I love his cameo in Death Line, his barnstorming turn in the old boys' reunion House of the Long Shadows and his scariest villain: Lord Summerisle, a fine performance in what I fear may be a somewhat overrated film, The Wicker Man.
And his Dracula, too, is unquestionably magnificent, especially in the Franco version for which he had such high, dashed hopes. Lee’s Count is convincingly aristocratic, frighteningly powerful when suddenly roused to violent activity, and imbued, like his Mummy and Frankenstein’s monster, with a delicate pathos, conveyed via his considerable gift for mime. The voice is rich and compelling, but as an actor it is not his principle instrument. Lee acts primarily with his body, turning to advantage the six feet and five inches that initially kept him out of lead roles for over a decade.
Watch the behind the scenes footage of him filming the prologue to Dracula AD 1972, as director Alan Gibson tries to show him how to act being impaled on a cartwheel. Lee listens graciously, then looks away and raises his eyebrows to the heavens. The gesture tells you almost all you need to know about the man’s integrity, his devotion to his craft, and his commitment to giving audiences the very best of which he is capable.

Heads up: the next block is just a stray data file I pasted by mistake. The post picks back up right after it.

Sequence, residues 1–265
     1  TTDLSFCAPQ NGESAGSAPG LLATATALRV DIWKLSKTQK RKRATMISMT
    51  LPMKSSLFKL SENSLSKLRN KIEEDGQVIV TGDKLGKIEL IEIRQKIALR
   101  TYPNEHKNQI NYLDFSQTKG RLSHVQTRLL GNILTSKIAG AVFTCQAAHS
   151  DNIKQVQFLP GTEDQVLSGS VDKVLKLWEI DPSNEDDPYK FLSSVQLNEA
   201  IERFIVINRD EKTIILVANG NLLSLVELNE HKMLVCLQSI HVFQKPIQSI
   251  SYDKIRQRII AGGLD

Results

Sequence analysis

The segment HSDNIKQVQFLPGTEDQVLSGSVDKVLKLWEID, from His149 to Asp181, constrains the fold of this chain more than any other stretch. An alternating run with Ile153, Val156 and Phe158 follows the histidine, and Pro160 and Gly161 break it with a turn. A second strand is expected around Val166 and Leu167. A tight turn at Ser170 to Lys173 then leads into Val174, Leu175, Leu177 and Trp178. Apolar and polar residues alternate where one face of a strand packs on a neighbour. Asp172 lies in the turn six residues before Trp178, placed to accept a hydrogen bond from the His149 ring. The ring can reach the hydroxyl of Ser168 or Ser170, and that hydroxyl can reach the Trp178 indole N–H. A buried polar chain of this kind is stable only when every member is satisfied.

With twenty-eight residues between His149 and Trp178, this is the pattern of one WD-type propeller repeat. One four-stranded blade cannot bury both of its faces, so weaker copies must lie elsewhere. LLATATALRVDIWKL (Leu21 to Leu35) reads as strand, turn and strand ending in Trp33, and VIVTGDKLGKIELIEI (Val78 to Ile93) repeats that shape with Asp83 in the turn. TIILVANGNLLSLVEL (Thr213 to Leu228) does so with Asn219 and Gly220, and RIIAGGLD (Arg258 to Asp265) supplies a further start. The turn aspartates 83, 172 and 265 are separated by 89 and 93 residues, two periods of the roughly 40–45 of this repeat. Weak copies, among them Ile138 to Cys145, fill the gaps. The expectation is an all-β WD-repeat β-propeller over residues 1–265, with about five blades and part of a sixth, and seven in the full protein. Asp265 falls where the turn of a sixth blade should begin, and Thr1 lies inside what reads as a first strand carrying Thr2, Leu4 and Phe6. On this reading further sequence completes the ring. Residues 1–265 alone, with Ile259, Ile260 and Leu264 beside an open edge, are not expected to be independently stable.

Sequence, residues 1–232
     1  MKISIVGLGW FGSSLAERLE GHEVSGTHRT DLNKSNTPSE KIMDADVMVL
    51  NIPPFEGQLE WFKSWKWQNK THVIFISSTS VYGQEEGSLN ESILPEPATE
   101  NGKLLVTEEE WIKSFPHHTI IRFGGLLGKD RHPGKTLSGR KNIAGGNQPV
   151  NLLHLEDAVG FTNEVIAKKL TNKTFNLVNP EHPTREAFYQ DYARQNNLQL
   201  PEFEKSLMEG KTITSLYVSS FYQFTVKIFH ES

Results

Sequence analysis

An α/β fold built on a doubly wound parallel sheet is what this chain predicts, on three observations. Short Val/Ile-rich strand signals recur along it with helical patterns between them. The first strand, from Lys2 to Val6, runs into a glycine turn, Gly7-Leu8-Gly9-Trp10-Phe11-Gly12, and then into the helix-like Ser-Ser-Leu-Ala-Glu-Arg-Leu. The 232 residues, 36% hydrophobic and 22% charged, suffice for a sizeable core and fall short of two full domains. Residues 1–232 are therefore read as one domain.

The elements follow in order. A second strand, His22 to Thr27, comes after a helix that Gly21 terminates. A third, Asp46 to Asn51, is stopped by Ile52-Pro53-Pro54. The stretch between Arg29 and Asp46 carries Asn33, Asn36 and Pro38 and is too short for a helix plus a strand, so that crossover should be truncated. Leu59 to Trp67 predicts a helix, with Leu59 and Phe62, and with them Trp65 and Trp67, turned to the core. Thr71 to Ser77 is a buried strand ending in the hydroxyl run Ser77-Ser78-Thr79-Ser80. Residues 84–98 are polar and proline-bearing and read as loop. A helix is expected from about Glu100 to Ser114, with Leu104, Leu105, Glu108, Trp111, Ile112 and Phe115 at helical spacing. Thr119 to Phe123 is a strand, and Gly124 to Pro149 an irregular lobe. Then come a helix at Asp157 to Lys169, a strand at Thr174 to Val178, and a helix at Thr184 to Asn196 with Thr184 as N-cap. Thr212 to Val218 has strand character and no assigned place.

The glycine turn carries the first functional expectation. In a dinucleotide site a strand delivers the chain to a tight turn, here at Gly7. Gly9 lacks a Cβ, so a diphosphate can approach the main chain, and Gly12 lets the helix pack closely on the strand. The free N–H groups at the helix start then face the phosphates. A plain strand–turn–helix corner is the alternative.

11 comments:

Radiation Cinema! said...

Matthew: There's a whole bunch of Sir Lee tributes bouncing around the blogasphere - this one's the best.

Hey! I finally got my Fay Wray header! Awesome! -- Mykal

Lolita said...

Yes, the Fay Wray header is perfect here!
Great post - I'll have to look a little closer on Christopher Lee. Gosh, he was sexy in that first b/w picture!

Radiation Cinema! said...

Lolita: Did you ever here what Clara Bow said about him? (just kidding). -- Mykal

Matthew Coniam said...

I'm clued-up...
However...
did you know that Clara really did have a (by all accounts extrememly torrid)affair with Bela Lugosi? Apparently he had a nude painting of her that he kept until his death.